These grips offer a dual material design with a firm corded upper part and a soft rubber lower part. This means that each hand has a different feel throughout the golf swing to help you achieve the perfect balance, speed, and accuracy.
How to Regrip Your Clubs
Once you’ve chosen the right grip for your game, next comes the exciting part. Now, you’ll actually fit the grips to your clubs. Before you get started, though, you’ll need some tools.
What Tools You’ll Need
- a hook blade to remove the old grips.
- a utility knife to remove the tape from your shafts.
- a regripping kit that includes solvent, tape, and a rubber vise clamp.
If you’ve got all the tools ready, you can begin the process. It’s worth saying that an efficient way to do this is by doing the same step at once for each club. So, for instance, you can remove all the grips first, then all the tape, and move through the steps until you fit the new grips. This is easier than doing each club separately.
Remove the Old Grips
The first step is to remove the old grips with the hook blade. To do this, simply place the hook underneath the grip and drag it down along the shaft until you’ve cut quite far along the grip. Once you’ve cut far enough along the shaft, the old grip will come off quite easily.
So, why not just use the utility knife here? Well, with the hook blade there’s a smaller chance of damaging your shafts. And remember to always cut away from your body to avoid inflicting some nasty cuts.
Remove the Old Tape
This could be the most time-consuming part of the process. Use the utility knife to score across the old tape up the whole shaft and peel off the old tape until it’s completely gone.
Depending on how long the grips were on the club for, it could really stick to the shaft. If you struggle, and you have a heat gun, you could use that to warm up the tape to make it easier to peel off. Also, be careful not to damage the shaft with the utility knife. With steel shaft this isn’t such a big problem but with graphite shafts it could be quite costly.
Apply the New Tape
Before rushing into applying the new tape, first measure the shaft against the new grips to make sure that no tape will stick out below the shaft. Take the right amount of tape from the roll, tear it off, and place it on the shaft.
Rub the tape onto the shaft until it’s securely stuck and remove the backing. If it’s easier you could first rub one half of the tape onto the shaft and start peeling off the backing before starting with the other.
Fit the Grip
During this last step you want to do everything right. To start off, secure the club in a vise with the rubber vise clamp. The rubber clamp will help you not to damage the shaft while holding them securely to fit the grip.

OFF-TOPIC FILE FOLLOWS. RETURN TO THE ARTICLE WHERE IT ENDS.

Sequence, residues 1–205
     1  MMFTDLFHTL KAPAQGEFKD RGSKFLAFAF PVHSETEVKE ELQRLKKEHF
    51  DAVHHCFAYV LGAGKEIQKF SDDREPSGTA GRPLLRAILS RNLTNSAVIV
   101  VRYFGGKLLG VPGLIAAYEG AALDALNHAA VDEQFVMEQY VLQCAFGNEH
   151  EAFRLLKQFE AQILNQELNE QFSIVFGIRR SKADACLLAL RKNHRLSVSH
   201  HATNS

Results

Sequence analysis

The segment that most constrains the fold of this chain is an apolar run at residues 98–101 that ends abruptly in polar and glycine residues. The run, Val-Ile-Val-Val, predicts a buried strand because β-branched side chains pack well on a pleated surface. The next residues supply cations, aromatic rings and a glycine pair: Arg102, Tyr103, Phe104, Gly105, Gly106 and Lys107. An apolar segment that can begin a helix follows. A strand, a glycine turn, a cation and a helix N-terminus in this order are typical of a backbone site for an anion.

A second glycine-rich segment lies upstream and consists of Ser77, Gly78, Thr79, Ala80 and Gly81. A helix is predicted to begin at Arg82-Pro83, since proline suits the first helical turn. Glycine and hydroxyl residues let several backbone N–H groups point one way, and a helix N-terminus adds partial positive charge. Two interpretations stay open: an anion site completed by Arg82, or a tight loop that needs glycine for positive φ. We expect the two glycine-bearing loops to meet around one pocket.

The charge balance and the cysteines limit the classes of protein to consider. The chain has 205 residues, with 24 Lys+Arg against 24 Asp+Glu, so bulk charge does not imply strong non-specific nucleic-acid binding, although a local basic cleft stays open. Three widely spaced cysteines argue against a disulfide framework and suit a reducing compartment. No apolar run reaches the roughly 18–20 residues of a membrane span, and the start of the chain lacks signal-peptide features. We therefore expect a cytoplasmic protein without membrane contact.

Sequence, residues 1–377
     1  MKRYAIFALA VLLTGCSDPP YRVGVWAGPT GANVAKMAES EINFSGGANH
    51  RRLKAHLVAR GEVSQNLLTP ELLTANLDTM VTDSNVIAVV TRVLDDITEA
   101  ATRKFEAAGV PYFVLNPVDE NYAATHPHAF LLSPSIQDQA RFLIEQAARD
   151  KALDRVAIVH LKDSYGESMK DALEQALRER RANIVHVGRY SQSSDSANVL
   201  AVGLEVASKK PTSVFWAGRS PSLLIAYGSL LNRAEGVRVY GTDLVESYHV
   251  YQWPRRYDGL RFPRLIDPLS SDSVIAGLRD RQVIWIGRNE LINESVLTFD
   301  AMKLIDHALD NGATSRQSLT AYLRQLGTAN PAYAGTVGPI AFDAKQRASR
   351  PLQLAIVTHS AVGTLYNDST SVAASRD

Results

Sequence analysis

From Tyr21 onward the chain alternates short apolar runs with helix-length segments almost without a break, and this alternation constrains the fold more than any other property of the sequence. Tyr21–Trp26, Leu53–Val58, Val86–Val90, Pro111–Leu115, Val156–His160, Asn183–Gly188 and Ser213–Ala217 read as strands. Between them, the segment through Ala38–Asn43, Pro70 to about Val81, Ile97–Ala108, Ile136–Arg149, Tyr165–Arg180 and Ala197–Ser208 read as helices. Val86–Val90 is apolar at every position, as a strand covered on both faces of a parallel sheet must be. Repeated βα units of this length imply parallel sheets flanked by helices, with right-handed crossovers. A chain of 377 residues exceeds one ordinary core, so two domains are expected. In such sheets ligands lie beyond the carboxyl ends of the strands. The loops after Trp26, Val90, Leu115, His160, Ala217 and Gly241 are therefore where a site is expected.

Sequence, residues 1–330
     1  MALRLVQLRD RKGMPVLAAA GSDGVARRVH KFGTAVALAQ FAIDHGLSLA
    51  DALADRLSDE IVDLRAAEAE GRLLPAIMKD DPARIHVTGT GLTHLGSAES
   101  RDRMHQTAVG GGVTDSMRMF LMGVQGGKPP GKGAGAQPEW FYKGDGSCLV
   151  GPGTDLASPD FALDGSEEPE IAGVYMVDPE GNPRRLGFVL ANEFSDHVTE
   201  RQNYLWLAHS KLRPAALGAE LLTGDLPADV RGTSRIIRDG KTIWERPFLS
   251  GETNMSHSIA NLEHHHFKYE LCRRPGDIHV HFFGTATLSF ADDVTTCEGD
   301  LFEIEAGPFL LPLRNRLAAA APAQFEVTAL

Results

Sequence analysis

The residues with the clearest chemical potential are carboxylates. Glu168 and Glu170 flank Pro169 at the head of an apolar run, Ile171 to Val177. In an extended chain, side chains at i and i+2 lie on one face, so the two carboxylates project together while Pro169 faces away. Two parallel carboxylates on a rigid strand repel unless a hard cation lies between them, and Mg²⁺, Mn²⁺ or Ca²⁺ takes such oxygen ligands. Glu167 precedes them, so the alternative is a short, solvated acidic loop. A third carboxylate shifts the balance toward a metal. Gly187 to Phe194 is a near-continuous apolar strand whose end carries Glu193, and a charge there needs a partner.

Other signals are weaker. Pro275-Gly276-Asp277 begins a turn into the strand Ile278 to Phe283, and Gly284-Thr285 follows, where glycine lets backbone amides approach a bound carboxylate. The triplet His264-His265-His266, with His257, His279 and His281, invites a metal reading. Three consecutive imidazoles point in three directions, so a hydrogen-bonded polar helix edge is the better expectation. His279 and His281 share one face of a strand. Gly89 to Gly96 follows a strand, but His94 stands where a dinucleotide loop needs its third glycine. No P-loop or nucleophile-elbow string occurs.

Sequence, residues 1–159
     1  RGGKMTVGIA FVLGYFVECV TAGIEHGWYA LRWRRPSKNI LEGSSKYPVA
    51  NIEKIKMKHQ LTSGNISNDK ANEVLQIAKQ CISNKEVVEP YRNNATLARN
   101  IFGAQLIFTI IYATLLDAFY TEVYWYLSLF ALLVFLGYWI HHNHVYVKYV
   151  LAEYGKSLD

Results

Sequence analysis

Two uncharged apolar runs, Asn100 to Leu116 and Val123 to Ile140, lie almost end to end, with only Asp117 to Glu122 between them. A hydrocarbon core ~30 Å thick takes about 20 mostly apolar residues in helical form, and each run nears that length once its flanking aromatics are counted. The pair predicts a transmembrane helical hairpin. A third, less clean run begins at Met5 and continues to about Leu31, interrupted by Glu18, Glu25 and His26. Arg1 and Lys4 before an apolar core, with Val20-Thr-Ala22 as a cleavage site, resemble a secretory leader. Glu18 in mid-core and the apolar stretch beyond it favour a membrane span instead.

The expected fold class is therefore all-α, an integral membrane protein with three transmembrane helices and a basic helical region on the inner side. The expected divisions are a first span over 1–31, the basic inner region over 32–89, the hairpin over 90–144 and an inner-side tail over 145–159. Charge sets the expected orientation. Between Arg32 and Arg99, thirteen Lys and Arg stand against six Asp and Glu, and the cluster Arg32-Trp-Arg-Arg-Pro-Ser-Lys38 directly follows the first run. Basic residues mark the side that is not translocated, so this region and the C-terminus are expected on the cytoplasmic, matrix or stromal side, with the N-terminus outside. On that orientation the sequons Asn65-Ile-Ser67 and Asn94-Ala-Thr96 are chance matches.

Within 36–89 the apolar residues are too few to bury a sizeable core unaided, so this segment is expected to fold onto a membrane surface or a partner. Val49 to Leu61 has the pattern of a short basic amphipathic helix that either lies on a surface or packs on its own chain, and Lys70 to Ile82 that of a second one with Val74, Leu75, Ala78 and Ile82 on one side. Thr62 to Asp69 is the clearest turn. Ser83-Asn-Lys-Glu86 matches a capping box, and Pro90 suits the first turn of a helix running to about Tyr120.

Start off by applying solvent to the inside of the grip. Place your finger over the hole at the top of the grip and pour solvent into the grip. Remember, it’s almost impossible to use too much solvent, so it’s best to be generous. Once you’ve poured solvent into the grip, place your finger over the bottom end of the grip. With both holes sealed, shake the grip to coat the inside of the grip.
Once you’re done, pour the excess solvent from the grip onto the tape on the shaft. Here, it’s also better to be generous. The more solvent you use, the easier it will be to fit the grip to the shaft.
With the shaft and the inside of the grip covered with solvent, you’re ready to finish off. Put the end of the shaft into the hole of the grip and push it onto the shaft. Here, you’ll want to use enough force to push the grip onto the shaft quickly in one go. If it gets stuck along the way, you’ll probably have to throw the grip away, so make sure you push it all the way to the end in one motion.
Once the grip is on the shaft, you can make some final adjustments before wiping off the excess solvent and letting the grip set on the shaft. Once they’re dry you can hit the course with your freshly gripped clubs.
How Often to Regrip Your Golf Clubs
The question of how often to change the grips on your clubs doesn’t have a cast-in-stone answer. It ultimately depends on how often you play. On average, a set of grips is good for about 40 rounds.
Therefore, tour pros replace their grips every six weeks to two months. For players who play regularly, a yearly replacement will suffice. Likewise, for the occasional player, grips will last longer.
If you don’t keep track of time between regripping your clubs, you can easily spot when it’s necessary to replace them. If there’s significant wear or if there’s a sheen, it may be time to change your grips. Also, if you start noticing that the grip is starting to slip in your hands, it’s time for a fresh set of grips.
Hit the Course
Years ago, a study showed that a set of two-year-old grips can cost a player as much as three to four shots on the course. That’s a lot of strokes to lose during a year. Considering this, you’ll appreciate why your grips need to be in tip-top shape.
Luckily, you’ve now got an easy guide to follow when the time comes to replace yours. So, get to it. Replace them. Your handicap, and your hands, will thank you for it.